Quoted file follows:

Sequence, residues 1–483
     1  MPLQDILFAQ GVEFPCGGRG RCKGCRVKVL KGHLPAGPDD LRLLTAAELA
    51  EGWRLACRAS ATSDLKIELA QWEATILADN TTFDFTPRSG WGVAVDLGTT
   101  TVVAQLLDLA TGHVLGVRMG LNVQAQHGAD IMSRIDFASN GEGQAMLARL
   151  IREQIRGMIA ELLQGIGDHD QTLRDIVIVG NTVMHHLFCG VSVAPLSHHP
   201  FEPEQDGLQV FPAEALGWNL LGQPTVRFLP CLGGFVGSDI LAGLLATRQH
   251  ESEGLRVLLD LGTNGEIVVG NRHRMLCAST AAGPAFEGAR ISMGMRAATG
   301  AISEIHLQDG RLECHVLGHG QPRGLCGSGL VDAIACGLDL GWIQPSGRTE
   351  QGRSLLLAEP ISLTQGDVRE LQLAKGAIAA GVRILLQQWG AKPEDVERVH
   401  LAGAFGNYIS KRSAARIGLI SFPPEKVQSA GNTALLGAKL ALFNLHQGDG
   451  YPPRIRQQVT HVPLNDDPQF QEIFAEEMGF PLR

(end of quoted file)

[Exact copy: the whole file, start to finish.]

Sequence, residues 1–483
     1  MPLQDILFAQ GVEFPCGGRG RCKGCRVKVL KGHLPAGPDD LRLLTAAELA
    51  EGWRLACRAS ATSDLKIELA QWEATILADN TTFDFTPRSG WGVAVDLGTT
   101  TVVAQLLDLA TGHVLGVRMG LNVQAQHGAD IMSRIDFASN GEGQAMLARL
   151  IREQIRGMIA ELLQGIGDHD QTLRDIVIVG NTVMHHLFCG VSVAPLSHHP
   201  FEPEQDGLQV FPAEALGWNL LGQPTVRFLP CLGGFVGSDI LAGLLATRQH
   251  ESEGLRVLLD LGTNGEIVVG NRHRMLCAST AAGPAFEGAR ISMGMRAATG
   301  AISEIHLQDG RLECHVLGHG QPRGLCGSGL VDAIACGLDL GWIQPSGRTE
   351  QGRSLLLAEP ISLTQGDVRE LQLAKGAIAA GVRILLQQWG AKPEDVERVH
   401  LAGAFGNYIS KRSAARIGLI SFPPEKVQSA GNTALLGAKL ALFNLHQGDG
   451  YPPRIRQQVT HVPLNDDPQF QEIFAEEMGF PLR